Empirics, Theory and Policy

Negotiating a way through these three dualities is not mere semantics. Two features arise. First, there is the identification of one side in each duality as contingent: competition, spaces of places, hierarchy. Thus to understand these features of inter-city relations requires empirical study of specific situations. Second, the other side of the dualities are considered generic to inter-city relations; the latter are inherently cooperative in a space of flows that are networks. This constitutes the theoretical basis of the study. Finally, the dualities have profound policy implications. Hierarchy is a feature of spaces of place and the product of competitive processes: hierarchies are there to be climbed. Network is an unbounded space of flows and a product of cooperative processes: networks are necessarily based upon mutualities. Very different policies emanate from these contrasting positions. The position taken here is that city competition and the need for associated ‘boosterism’ have to be empirically shown; the starting point is always city mutualities.

Connectivity audits

The results on mutualies I report here are measures of the connectivity of Brussels within specific world city networks. These connectivity audits fall into two groups: the first is based upon air passenger flows to provide a general picture of Brussels’ inter-city relations; the second uses the interlocking network model to estimate the position of Brussels in a variety of city networks.

Air Travel Connectivities

Most studies of inter-city relations using airline data have information on flights between airports but not on passenger origin and destinations. Therefore results are distorted by the hub policies of the airlines (e.g. Detroit appears more important than it is because North West Airlines use its airport as its main non-coastal US hub – a large proportion of passengers recorded going to Detroit are merely passing through its airport). In contrast, the results reported here are derived from a unique set of data that identifies the origins and destinations of all trips. By focussing on just the beginning and end of trips the ‘hub problem’ is eliminated. The data are for the first 9 months of 2001 and are described in detail in papers by Frank Witlox and his colleagues at Ghent (Derudder and Witlox 2005).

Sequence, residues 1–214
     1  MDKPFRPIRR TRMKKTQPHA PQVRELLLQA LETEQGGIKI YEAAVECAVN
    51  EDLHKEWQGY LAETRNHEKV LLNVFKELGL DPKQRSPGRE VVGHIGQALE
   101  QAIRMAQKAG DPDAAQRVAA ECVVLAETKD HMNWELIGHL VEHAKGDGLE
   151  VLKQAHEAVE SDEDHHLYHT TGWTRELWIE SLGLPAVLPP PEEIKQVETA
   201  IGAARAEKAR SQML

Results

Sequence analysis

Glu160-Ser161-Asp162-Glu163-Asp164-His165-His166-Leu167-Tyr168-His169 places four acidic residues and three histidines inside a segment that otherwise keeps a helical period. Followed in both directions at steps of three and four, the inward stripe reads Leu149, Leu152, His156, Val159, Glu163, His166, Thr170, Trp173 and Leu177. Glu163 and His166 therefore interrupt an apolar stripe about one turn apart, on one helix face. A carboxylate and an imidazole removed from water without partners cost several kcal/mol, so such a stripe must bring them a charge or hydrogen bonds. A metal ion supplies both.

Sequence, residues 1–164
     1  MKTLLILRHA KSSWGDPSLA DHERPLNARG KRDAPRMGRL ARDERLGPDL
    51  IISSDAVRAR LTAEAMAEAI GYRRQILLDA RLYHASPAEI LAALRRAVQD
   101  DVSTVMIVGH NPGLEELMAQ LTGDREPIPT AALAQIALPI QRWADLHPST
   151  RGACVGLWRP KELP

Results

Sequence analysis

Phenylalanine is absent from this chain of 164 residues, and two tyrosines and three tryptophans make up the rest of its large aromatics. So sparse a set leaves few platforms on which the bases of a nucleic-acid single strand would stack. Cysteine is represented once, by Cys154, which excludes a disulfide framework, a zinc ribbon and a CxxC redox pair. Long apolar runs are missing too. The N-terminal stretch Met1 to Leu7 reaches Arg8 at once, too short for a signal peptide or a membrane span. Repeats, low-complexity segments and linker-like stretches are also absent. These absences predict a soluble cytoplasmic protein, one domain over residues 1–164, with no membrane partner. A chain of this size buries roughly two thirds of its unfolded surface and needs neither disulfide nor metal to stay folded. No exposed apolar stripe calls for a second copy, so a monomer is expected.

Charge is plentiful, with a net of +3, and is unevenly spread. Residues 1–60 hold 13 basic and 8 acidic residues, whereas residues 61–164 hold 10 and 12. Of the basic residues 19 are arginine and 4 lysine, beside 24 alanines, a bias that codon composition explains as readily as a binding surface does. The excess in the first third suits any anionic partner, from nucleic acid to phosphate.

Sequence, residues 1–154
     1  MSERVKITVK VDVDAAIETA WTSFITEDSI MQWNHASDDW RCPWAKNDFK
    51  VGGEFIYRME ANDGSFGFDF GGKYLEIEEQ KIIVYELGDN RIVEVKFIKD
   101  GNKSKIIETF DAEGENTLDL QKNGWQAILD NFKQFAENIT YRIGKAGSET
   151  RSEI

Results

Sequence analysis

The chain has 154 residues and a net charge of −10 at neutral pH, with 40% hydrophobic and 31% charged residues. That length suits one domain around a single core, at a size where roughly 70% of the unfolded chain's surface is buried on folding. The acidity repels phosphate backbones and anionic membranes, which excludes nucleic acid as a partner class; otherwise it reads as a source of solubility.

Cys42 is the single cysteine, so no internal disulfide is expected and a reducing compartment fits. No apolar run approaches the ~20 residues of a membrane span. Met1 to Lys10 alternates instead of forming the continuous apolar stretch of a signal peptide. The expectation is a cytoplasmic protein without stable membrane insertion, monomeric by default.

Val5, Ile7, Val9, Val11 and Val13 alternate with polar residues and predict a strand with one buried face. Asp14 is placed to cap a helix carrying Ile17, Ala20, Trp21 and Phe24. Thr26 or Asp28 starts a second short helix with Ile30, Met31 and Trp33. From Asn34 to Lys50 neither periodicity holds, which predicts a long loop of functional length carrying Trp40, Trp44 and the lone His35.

Two maps are produced that summarise the data on all passengers that started or finished in Brussels. Figure 1 shows totals of Brussels passengers to 47 cities with flows above 35,000 in the study period. This shows two interweaving patterns of flows. First, flows to EU capital cities feature prominently from Stockholm to Rome, from Lisbon to Vienna, and with London recording the largest flow. Note, also in this context the limitations of the data for short flights: the two unnamed cities with relatively small air passenger flows abutting Brussels on the diagram are Paris and Amsterdam. These are not, of course, exceptions to the high capital city flows but those flows are carried more by land. However Berlin most certainly is an exception since it has far fewer flows than either Frankfurt or Munich. Similarly flows to Barcelona and Milan approximate the level of flows to their respective cities. Even in the UK, Manchester shows appreciable flows. These ‘non-capital’ flows suggest economic linkages with Brussels are as important as economic linkages. Beyond Europe this is confirmed by the USA city links especially the prominence of New York.

Figure 2 shows a very different pattern. Whereas Figure 1 illustrates absolute flows, here we have relative flows. It shows where Brussels generates a high percentage of flows. This features 48 cities that I have grouped into 6 regions. Clearly this map illustrates particular flows such as tourism (Southern Europe) and recent migration (North West Africa: Tangier replaces London as the dominant city). This pattern reminds us that the contemporary space of flows, whether by airline or not, is a complex mix of movements based on a vast array of motives. These can only be inferred from this data in the way I have done above. Thus I employ a different method to try and portray more specific connections to Brussels.

But before we leave airline passenger data analysis, we can begin to address the question of whether Brussels’ pattern of flows is similar to those of London and Paris. The latter two cities are chosen for comparison because they are close neighbours of Brussels that are reasonably ‘all-round’ global cities (Taylor 2005). Table 1 shows how Brussels shapes up in terms of passenger flows to New York as archetypal global city and to the Pacific Rim as archetypal globalization concept. Brussels’ absolute flows appear quite large but are put into perspective by comparison with London where Brussels’ flows are generally less than 10% of London’s flows. This contrasts with Paris where flows are generally closer to London’s levels and actually exceeds it in one case. It is noteworthy that both Brussels and Paris do better relative to London with the two Chinese cities. We can conclude from Table 1 that although Brussels is not as important as either London or Paris in generating air passengers, it most certainly has a pattern of connections in these key globalization sites that marks it out as globally positioned within air travel networks.

The Interlocking Network Model